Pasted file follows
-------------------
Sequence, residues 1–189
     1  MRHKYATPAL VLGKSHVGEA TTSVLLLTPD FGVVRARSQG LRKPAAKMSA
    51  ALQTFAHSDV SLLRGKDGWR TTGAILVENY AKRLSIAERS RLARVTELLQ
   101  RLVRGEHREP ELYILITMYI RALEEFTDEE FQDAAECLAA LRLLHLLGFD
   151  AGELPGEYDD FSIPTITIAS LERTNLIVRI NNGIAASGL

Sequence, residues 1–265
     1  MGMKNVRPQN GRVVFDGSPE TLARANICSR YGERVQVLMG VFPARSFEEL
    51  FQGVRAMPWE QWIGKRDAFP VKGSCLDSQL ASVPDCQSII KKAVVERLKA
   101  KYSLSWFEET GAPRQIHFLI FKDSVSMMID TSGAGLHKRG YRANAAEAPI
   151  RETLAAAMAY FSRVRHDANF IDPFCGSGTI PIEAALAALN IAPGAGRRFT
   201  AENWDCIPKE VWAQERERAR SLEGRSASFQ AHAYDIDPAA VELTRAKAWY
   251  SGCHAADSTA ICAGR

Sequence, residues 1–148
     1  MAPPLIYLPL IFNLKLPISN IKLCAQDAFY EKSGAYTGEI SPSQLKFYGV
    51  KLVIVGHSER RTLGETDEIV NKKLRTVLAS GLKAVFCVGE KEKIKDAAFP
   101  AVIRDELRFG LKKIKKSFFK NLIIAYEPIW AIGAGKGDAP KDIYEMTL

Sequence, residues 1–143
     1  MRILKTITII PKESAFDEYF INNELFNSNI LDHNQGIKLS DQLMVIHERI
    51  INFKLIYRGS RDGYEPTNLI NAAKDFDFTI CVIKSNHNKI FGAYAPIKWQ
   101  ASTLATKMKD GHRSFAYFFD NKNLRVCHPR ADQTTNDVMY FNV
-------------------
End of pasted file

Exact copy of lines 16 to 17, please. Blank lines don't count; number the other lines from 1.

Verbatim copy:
   101  AVIRDELRFG LKKIKKSFFK NLIIAYEPIW AIGAGKGDAP KDIYEMTL

Sequence, residues 1–143